way to go in some of the other areas.
Q: What effect do China's military and technology relations with
Pakistan and Iran have on U.S. interests?
EINHORN: You have to look at the cases separately. We are terribly
concerned about the behavior of Iran. It's an opponent of the Middle
East peace process, it's a supporter of terrorism, it's seeking to
acquire weapons of mass destruction, and it has often taken a hostile
attitude toward its neighbors. So we believe that any assistance to
Iranian military programs is a mistake and can contribute to
instability in the important Gulf region. And we have raised this with
Chinese authorities on many occasions.
Pakistan, of course, is a friend of the United States, and we wish to
have good bilateral relations with Pakistan. We also recognize China
is a good friend of Pakistan, and we don't wish to interfere in any
way with their close relationship. But we hope that the Chinese will
recognize that their relationship with Pakistan needs to conform with
international non-proliferation norms and that assisting such
activities as Pakistan's missile program could lead to instability in
the region and could have a disruptive effect on the efforts of India
and Pakistan to work out a rapprochement after 50 years of
Q: What steps has China taken in this area with either Pakistan or
EINHORN: China has taken a number of steps. It has adopted a much more
restrained and responsible approach to the export of nuclear equipment
and technology. In the past, China had actually contributed to
Pakistan's unsafeguarded nuclear program. That is to say it
contributed to facilities in Pakistan that do not have International
Atomic Energy Agency safeguards or inspections. This has been a very
unfortunate practice. But the Chinese committed in May 1996 not to
provide any assistance to these unsafeguarded nuclear facilities. And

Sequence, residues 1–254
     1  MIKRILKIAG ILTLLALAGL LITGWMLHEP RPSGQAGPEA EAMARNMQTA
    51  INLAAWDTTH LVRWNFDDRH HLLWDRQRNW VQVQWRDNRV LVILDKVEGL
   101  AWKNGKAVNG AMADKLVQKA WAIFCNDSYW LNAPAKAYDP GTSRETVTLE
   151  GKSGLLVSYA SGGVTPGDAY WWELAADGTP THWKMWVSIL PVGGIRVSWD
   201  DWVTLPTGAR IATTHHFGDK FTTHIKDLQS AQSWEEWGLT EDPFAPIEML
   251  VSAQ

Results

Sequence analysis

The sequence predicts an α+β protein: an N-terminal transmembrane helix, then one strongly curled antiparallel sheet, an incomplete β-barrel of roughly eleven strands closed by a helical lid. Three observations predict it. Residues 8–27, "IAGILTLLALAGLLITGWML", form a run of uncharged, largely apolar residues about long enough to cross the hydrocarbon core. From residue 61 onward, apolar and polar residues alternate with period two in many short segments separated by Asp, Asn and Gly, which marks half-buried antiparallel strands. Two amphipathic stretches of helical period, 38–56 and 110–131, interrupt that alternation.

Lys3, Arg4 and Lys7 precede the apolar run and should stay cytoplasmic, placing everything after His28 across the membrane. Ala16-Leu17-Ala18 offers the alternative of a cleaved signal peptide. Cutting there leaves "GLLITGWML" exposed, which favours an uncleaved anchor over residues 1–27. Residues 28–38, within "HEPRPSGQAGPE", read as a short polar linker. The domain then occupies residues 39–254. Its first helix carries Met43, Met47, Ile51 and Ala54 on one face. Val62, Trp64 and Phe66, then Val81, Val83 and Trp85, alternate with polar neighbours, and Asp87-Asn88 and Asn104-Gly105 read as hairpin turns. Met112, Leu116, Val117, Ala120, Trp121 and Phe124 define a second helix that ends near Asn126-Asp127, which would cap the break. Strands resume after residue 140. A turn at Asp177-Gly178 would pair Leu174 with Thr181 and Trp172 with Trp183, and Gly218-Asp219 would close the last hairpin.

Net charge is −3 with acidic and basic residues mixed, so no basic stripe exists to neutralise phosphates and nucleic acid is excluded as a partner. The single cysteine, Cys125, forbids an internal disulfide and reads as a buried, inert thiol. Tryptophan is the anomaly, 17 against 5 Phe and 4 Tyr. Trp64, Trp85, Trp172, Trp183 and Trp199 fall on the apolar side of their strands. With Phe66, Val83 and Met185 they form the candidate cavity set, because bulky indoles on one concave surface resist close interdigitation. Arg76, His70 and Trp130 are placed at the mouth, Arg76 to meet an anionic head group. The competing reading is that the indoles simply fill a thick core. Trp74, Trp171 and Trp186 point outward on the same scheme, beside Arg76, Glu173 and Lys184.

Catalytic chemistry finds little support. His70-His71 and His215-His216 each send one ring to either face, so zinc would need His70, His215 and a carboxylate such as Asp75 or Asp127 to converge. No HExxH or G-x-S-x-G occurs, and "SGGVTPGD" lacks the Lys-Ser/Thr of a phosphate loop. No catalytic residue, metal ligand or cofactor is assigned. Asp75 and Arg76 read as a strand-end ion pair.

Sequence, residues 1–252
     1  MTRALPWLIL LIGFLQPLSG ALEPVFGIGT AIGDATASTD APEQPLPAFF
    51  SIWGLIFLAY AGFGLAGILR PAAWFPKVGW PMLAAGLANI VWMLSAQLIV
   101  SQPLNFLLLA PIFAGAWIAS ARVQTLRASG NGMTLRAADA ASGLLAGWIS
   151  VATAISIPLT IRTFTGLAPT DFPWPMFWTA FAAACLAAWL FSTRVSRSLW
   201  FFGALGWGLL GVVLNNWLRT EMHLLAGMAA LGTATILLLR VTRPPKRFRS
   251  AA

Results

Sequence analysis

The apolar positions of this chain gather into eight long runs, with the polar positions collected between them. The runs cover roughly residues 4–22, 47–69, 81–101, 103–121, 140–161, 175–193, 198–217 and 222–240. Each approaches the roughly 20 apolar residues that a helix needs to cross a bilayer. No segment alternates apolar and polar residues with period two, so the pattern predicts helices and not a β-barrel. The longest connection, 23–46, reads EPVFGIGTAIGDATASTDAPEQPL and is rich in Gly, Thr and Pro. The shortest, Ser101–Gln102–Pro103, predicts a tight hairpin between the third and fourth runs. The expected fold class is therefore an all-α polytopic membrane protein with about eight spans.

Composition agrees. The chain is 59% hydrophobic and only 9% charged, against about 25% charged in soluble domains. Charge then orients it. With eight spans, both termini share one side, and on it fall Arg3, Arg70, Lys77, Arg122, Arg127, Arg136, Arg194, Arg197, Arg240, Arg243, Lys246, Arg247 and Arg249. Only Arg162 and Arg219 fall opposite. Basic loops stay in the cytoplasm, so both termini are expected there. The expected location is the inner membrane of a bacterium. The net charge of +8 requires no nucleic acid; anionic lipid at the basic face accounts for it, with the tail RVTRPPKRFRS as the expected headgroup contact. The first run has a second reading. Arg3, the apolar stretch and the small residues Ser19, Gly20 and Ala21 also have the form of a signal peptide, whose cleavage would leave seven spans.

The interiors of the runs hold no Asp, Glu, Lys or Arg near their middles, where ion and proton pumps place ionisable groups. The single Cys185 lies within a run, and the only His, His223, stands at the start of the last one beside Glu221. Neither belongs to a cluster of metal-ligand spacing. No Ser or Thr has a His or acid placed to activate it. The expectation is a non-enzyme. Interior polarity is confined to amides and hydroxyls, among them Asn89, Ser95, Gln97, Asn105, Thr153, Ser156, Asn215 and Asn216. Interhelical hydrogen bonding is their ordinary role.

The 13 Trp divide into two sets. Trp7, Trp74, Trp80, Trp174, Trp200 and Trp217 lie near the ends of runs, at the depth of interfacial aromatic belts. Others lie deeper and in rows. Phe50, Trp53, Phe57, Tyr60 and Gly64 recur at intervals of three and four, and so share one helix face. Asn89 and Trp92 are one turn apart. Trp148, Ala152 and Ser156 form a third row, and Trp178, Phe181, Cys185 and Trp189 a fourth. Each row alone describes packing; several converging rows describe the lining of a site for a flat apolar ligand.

we have no reason to conclude that they have violated this
Also, the Chinese recently assured us -- this was in connection with
President Jiang Zemin's visit to Washington in October 1997 -- that
they were not going to engage in any new nuclear cooperation with
Iran, and that they would complete existing cooperative projects in a
relatively short period of time. We think this was a very responsible
China also has taken steps to improve its policy related to export of
chemical-related items. In May of 1997 the United States was compelled
under its laws to impose trade sanctions against seven Chinese
entities for contributing to Iran's chemical program. After these
sanctions, we see evidence that the Chinese have taken steps to adopt
more rigorous controls on their companies that export to Iran. So this
is positive.
They also have taken some steps in the missile proliferation area, but
these are more modest. One useful step is agreement to ban the export
of any long-range ground-to-ground missiles. And we believe that China
has not exported complete ground-to-ground missiles since making that
agreement. We're concerned, however, that China continues to provide
components and technology to both Pakistan and Iran.
Q: You said that China has agreed not to undertake any new
arrangements with Iran, but will complete existing projects. How many
projects exist and how damaging are they to non-proliferation
EINHORN: We asked the Chinese, during the negotiations that preceded
President Jiang's visit, to itemize precisely what ongoing projects
they were involved in with Iran. They told us there were two existing
projects; we evaluated them and they are very minor. We don't believe
they raise proliferation concerns, and so we did not have any
difficulty with the Chinese completing them in a relatively short
period of time.
Q: What kinds of assurances has China given us regarding controls of
nuclear technology and hardware to implement the 1985 U.S.-China
Agreement on Peaceful Nuclear Cooperation?
EINHORN: The Chinese have taken a number of steps and provided a
number of new assurances which provided justification in our view for
President Clinton to go forward on October 29 to indicate that he
would provide to the Congress the necessary certifications to bring
the 1985 U.S.-China Nuclear Cooperation Agreement fully into force.